Rep. Josh Gottheimer led Democrats in denouncing antisemitic comments by the leader of the party’s progressive caucus and a presidential candidate, as the politics of Israel were front and center in Washington this week.
The House overwhelmingly passed a resolution showing its support for Israel July 18, a vote preceded by over 40 Democrats—with Gottheimer the lead signatory—denouncing recent antisemitic remarks of Rep. Pramila Jayapal (D-WA). Last weekend at the Netroots Nation conference, Congressional Progressive Caucus leader Jayapal said that Israel “is a racist state,” comments quickly rebuked by House Democratic leaders.
Jayapal would later walk back the comments, when she stated that “I do not believe the idea of Israel as a nation is racist.” But included in her statement was the assertion that Israel Prime Minister Benjamin Netanyahu’s “extreme right-wing government has engaged in discriminatory and outright racist policies and that there are extreme racists driving that policy within the leadership of the current government.”
“We are deeply concerned about Representative Pramila Jayapal’s unacceptable comments regarding our historic, democratic ally Israel, and we appreciate her retraction,” the letter states. “We will never allow anti-Zionist voices that embolden antisemitism to undermine and disrupt the strongly bipartisan consensus supporting the U.S.-Israel relationship that has existed for decades.”
“Any efforts to rewrite history and question the Jewish State’s right to exist, or our historic bipartisan relationship, will never succeed in Congress. We remain committed to peace between Israel and the Palestinians to establish two states that exist side-by-side in peace, prosperity, and mutual security.”
The comments from Jayapal came the same weekend a video was released showing Democratic presidential candidate Robert Kennedy, Jr. asserting that the COVID-19 virus was engineered to spare Ashkenazi Jews and Chinese people.
“COVID-19. There is an argument that it is ethnically targeted. COVID-19 attacks certain races disproportionately,” Kennedy said at a private gathering in New York. “COVID-19 is targeted to attack Caucasians and Black people. The people who are most immune are Ashkenazi Jews and Chinese.”
This is not the first time Kennedy has linked his anti-vaccination mandate with antisemitism. During a January 2022 rally in Washington, DC, Kennedy stated “Even in Hitler’s Germany, you could cross the Alps into Switzerland. You could hide in an attic like Anne Frank did.”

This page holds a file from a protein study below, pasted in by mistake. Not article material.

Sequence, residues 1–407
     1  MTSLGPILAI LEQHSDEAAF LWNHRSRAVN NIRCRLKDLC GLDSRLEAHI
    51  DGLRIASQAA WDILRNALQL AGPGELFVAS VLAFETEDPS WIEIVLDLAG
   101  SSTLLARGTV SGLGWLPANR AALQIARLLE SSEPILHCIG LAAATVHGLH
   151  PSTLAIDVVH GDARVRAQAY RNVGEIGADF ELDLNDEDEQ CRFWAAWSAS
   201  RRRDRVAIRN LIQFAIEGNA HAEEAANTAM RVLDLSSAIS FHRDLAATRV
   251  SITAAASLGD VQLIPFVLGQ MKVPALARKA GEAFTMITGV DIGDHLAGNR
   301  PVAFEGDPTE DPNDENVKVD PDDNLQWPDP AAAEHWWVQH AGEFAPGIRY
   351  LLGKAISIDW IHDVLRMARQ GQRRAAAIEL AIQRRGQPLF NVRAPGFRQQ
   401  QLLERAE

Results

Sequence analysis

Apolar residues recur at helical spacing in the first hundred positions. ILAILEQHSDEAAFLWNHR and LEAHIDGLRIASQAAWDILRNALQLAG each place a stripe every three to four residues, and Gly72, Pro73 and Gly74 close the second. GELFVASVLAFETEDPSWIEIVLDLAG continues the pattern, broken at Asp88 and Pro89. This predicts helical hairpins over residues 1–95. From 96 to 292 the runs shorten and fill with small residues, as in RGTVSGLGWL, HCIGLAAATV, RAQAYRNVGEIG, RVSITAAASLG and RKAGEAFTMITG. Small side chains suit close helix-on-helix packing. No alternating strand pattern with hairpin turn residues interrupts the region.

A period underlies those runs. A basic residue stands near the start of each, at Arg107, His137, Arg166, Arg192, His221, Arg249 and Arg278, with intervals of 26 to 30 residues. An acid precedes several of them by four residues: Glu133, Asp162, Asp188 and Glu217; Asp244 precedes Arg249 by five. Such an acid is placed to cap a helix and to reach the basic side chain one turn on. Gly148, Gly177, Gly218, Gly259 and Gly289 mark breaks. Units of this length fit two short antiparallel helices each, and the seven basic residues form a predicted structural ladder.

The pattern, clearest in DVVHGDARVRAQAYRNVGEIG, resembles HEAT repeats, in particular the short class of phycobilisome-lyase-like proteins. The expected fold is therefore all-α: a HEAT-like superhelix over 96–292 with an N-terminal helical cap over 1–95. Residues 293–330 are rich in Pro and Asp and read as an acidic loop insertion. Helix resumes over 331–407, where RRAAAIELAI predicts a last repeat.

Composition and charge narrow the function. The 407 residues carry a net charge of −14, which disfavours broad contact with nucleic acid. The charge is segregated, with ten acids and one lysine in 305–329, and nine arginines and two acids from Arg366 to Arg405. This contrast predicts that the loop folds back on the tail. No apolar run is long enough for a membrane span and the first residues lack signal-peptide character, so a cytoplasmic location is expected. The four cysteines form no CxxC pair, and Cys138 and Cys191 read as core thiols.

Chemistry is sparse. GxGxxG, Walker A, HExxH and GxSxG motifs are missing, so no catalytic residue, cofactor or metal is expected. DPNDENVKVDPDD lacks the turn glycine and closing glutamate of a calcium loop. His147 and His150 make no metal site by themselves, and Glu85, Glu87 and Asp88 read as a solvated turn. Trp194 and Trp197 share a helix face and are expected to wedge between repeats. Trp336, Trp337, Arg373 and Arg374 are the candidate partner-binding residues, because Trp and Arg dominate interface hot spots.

Gottheimer responded on Twitter that “RFK Jr. is a disgrace to the Kennedy name and the Democratic Party. For the record, my whole family, who is Jewish, got Covid.”
Jayapal and Kennedy’s remarks come as President Isaac Herzog of Israel met with President Joe Biden in the White House before his address to Congress July 19. President Biden this week invited Netanyahu to visit the United States for the first time in his term, an unusual delay for the two leaders to meet this deep into a presidency.
There has been an uneasiness between the two leaders. Netanyahu has pushed an agenda to construct more Jewish settlements in the West Bank, as well as limit the power and independence of Israel’s courts, prompting nationwide protests and a warning from Herzog that the situation could devolve into civil war.
Jayapal’s comments came after the Israeli government took major steps to crack down on armed Palestinian fighters, launching the largest air attack on the West Bank in nearly two decades and killing at least 12 people in an assault centered on the tightly settled Jenin refugee camp, home to thousands of civilians.
Jayapal did not commit to attending Herzog’s congressional address. Other progressives—including Reps. Alexandria Ocasio-Cortez (D-NY), Cori Bush (D-MO), Ilhan Omar (D-MN) and Rashida Tlaib (D-MN)—have stated they will boycott the speech.
The letter from the House Democrats highlighted that Israel is the “only vibrant, progressive, and inclusive democracy in the region” that has Arab parties serving in the Knesset, women at the highest levels of the military, and the “country remains an oasis for LGBTQ+ people in a region hostile toward the community.
“Israel is the legitimate homeland of the Jewish people and efforts to delegitimize and demonize it are not only dangerous and antisemitic, but they also undermine America’s national security,” the letter states. “Israel is critical to our fight against terror, and our defense and intelligence collaboration continues to strengthen our leadership in the world. Israel remains our greatest partner for peace in the Middle East.”